Governor Jerry Brown and Israeli Prime Minister Benjamin Netanyahu signed an agreement to cooperate on research and technology in July 2014. Chief Scientist Avi Hasson called the deal another in a series of “votes of confidence in Israel’s economy, industry and innovation from a large number of US states and companies.” This agreement would export Israeli desalination, water recovery and recycling, water filtration, and water security technology to water-needy U.S. states.
In March 2014, Governor Jerry Brown signed a pro-business agreement with Israeli Prime Minister Benjamin Netanyahu to expand Israel-California cooperation. The pact will cover collaboration in cybersecurity, biotechnology, health, water conservation, and effective strategies to fight drought. “California doesn’t need to have a water problem,” Netanyahu said. “Israel has no water problems because we are the number one recyclers of wastewater, we stop water leaks, we use drip irrigation and desalination.”
In November 2009, Assemblyman Bob Blumenfield (D-San Fernando Valley) visited Israel and officially signed, together with prominent business leaders from California and Israel, a copy of his legislation, AB 1032, calling for immediate implementation of technology development, business development, and educational opportunities in solar energy and the environmental technology industries. In a Tel Aviv press conference, Blumenfield spoke about the legislation which had been signed into law by Governor Arnold Schwarzenegger. “As California takes on the challenge of reducing greenhouse gas emissions, there is much we can learn from the experience and expertise of Israel,” Blumenfield said. “In turn, Israel can benefit from improved communication with, and access to, California’s emerging green-technology sector.”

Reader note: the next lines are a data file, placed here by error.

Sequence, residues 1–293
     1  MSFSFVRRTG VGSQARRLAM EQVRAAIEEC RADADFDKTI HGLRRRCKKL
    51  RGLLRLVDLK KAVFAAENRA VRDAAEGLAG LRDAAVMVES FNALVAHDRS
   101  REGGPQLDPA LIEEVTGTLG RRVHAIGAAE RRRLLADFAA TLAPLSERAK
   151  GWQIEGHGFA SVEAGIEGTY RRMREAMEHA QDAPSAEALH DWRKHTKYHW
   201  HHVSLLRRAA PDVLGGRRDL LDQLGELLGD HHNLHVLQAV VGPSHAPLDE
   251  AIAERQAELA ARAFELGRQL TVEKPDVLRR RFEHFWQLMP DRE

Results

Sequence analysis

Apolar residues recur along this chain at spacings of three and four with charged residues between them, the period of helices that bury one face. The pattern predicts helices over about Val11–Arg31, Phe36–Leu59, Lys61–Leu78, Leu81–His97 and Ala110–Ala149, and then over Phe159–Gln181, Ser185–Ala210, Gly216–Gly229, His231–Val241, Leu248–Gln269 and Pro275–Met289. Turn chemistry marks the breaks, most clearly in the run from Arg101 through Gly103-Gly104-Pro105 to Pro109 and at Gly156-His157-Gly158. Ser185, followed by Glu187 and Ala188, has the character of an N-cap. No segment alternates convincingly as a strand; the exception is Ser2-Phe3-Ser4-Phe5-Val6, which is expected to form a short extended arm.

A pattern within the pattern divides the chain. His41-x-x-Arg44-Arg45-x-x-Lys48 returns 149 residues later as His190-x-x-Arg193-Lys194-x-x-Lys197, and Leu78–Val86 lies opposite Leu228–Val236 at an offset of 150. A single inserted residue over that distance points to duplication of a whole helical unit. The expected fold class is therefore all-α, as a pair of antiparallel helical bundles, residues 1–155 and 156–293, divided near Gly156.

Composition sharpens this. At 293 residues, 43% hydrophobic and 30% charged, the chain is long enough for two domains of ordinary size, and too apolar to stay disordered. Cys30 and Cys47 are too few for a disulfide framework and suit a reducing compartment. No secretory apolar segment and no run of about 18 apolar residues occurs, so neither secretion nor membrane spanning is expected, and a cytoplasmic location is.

In June 2008, the mayor of Los Angeles, Mayor Antonio R. Villaraigosa, and the International Institute for Counter-Terrorism (ICT) in Herzliya, Israel, signed a Memorandum of Understanding agreeing to tighten the existing relations between the ICT and the City of Los Angeles Homeland Security apparatuses and academic institutions, including the Los Angeles Police Department (LAPD) and Los Angeles World Airports. Under the agreement, the ICT will offer innovative homeland security training and education programs to Los Angeles decision makers and lay leaders, first responders, and law enforcement; the ICT will give two 50% tuition scholarships to its homeland security executive studies for two homeland security practitioners, to be selected by the Mayor, in 2009; the ICT will accept up to 4 homeland security interns annually from Los Angeles universities and/or research centers, and the ICT will host LAPD officers at the 9/11 annual international conference.
In October 1999, Governor Gray Davis and Avishay Braverman of Ben Gurion University of the Negev signed a Memorandum of Understanding for cooperation in biotechnology, bioinformatics, and bio-agriculture to create increased commercial and research linkages. The MOU was officially for cooperation between the Israel Biotechnology Organization and the California Commission on Bioscience. The MOU is still in effect today and it has no known sunset.
In June 1998, Governor Pete Wilson and Israeli Minister of Trade and Industry Natan Sharansky signed a memorandum of intent to encourage the growth of trade and investment relations with the prospect of expanding the growing economic cooperation between California and Israel. Sharansky noted that California and Israel are “natural partners in high tech,” and Governor Wilson added that the pact “encourages...investment, supports international industrial research and development and encourages a free exchange of ideas and wisdom between businesses, trade associations and commercial institutions.”
January 2018 - California State University Northridge President Diane Harrison and San Jose State University President Mary Papazian visited Israel in January 2018 to tour Israeli universities and learn from their curriculum, techniques, and procedures. She was joined by other University and College Presidents from Georgia State University, Hunter College, New College of Florida, and Wake Forest University. The group held working meetings with administrators from Bar Ilan University, Ono Academic College, Shenkar College of Engineering, Design and Art, the Technion Israel Institute of Technology, the University of Haifa, and Shenkar College of Engineering, Design and Art.